During the harsh winter season, a home can still feel chilly even though you’ve got the heat cranked up in every room. It’s a frustrating experience as a homeowner to not feel comfortable in your own abode. Let’s take a look at causes and solutions to making your home warm and toasty during cooler months.
Get Rid of Your Attic Insulation Problems Once and For All
A lack of attic insulation is a common reason a home feels cold. If air is escaping, you’re going to feel it both in your home and your pocketbook as this isn’t an energy-efficient scenario. Adequate insulation ensures your attic will work to help keep your home warm in winter and cool during the summer. The insulation level recommended for your home is specified by the R-Value, which rates the insulation’s overall performance. Generally, the higher the R-Value, the more you’ll be protecting your home. According to the U.S. Environmental Protection Agency (EPA), homes located in northern states across America are recommended to have attics insulated with R-38 to R-49 values. To find out the recommended insulation levels for your home, check out the geographical R-value map at EnergyStar.gov.
A Fool-Proof HVAC System Formula
The job of filters in your heating, ventilation, and air conditioning (HVAC) system is to trap allergens and dust before they make their way into your home. To keep filters debris-free, the DomiDoc’s New Homeowner Guide recommends replacing your filters 4 times per year and/or as per manufacturer instructions. The EPA’s Energy Star® program advocates having a professional inspect your HVAC system twice a year in the spring and fall, using daylight savings time as a reminder. But if you don’t think you’ll remember, use the home maintenance scheduling feature of DomiDocs that comes complete with handy calendar reminders. If you own a two-story home, you may need to consider installing an additional HVAC system on a floor that always seems to be cold.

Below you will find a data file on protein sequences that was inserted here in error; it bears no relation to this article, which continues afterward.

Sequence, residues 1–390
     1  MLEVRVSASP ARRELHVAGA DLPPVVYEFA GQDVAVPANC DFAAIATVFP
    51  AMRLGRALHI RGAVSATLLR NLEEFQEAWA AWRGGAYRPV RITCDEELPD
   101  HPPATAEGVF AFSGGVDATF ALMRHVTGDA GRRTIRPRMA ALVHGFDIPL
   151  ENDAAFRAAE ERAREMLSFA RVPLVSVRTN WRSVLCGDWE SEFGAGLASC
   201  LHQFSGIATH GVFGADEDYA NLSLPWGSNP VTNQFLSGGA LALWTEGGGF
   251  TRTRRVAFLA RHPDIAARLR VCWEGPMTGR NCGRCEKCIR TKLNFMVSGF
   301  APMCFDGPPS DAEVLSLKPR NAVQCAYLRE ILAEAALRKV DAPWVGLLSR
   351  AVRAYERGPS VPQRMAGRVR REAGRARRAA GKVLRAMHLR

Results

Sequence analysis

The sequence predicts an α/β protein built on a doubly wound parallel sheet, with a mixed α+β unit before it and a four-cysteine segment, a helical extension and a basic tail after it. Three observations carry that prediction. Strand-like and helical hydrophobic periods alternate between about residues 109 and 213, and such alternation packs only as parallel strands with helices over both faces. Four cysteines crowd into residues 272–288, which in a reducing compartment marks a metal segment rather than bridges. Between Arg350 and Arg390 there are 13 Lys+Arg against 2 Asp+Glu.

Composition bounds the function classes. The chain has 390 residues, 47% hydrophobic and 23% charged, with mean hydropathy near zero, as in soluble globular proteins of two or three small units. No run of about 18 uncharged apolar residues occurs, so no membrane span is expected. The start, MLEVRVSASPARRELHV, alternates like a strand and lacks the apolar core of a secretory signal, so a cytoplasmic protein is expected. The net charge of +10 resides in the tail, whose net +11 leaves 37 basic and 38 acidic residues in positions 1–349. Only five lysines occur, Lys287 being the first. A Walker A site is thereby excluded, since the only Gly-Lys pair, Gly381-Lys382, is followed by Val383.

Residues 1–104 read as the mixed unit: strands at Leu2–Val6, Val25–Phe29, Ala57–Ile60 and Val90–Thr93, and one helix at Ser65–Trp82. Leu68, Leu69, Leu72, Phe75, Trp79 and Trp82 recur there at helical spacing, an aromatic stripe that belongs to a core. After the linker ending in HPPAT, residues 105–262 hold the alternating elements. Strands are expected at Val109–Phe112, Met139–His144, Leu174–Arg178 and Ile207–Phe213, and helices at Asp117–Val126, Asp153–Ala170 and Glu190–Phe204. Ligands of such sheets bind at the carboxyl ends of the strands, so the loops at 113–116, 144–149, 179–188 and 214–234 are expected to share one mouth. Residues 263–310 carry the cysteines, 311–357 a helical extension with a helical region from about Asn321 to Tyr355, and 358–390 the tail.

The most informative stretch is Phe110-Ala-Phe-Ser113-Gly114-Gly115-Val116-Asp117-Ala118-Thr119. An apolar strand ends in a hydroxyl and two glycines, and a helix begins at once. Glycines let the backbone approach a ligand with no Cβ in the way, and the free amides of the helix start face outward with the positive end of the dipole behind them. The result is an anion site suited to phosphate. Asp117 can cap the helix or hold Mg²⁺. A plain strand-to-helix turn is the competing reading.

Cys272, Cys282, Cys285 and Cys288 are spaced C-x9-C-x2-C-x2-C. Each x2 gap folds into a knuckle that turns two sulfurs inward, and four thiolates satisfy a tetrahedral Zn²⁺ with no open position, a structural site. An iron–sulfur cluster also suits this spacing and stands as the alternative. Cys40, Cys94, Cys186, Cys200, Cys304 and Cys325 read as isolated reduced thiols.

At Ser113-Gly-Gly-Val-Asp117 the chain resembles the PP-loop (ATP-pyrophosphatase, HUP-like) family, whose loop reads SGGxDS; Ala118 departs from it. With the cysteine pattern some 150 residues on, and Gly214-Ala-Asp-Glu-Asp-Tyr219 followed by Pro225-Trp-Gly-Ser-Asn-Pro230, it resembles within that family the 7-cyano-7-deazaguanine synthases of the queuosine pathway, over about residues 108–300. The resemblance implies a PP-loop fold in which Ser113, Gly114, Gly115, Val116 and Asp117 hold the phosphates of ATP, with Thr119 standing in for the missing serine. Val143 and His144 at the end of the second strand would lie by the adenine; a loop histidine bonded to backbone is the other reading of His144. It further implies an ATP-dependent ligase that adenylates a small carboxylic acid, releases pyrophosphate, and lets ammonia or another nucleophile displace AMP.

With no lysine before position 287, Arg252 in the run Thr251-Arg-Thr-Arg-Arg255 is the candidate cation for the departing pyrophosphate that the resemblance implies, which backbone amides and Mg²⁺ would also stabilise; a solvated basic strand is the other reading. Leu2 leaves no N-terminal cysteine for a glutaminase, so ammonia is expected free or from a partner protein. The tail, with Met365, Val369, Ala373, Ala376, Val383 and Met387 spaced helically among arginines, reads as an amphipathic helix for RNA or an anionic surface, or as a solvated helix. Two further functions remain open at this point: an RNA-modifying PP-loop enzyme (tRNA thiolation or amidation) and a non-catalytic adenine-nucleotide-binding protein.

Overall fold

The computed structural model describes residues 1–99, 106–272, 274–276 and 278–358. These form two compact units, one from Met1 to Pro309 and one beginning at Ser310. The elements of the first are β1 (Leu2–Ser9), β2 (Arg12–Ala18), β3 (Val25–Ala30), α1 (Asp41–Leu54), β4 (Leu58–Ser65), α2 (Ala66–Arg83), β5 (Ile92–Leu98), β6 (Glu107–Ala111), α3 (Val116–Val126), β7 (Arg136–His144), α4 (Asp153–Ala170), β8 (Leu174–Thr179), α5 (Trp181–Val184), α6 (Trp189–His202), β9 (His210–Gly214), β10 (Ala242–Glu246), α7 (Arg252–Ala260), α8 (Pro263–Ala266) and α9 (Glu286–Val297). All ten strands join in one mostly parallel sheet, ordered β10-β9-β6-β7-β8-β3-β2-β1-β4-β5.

Quick Steps to Fixing Cold Air Leaks in Your Home
If things are getting drafty in your home during winter, it means cold air is leaking in through your doors and windows. Take the time to go outside and inspect your windows. Clean up and seal any cracks around the frames with a polyurethane or acrylic caulk. The same applies to your doors where you can also install weatherstripping, door sweeps, and/or draft stoppers to keep that cold air outside where it belongs. If your home has single-pane windows, consider covering them with storm windows or plastic film insulation. Air can also seep in through damaged seals and caulking around your home’s ducting, electrical wiring, and plumbing. If you’re still not sure where the frigid air is coming from, several companies make easy-to-use hand-held thermal leak detectors where you can check room by room for any unwanted airflow.
Little-Known Factors That Could Affect Cold Air Leaks in Your Home
Recessed lights with vents that open up into your attic are common routes for unwanted airflow to occur. Unless your recessed lights are sealed units, you can add inexpensive baffles to counteract any leaks. The EPA’s Department of Energy suggests inserting foam gaskets behind all of your home’s outlet and switch plates, as well as to cover your kitchen exhaust fan and close your fireplace flue, both when not in use.
DomiDocs is dedicated to making your journey as a homeowner the best it can be. Besides regularly scheduled maintenance reminders, DomiDocs can easily store your receipts, warranties, and important insurance documents on its’ comprehensive digital platform. You’ll also receive the added bonus of knowing the value of your home at any given time through the convenient DomiDocs’ TrueValueIndex® algorithm feature.
Author – Connie Motz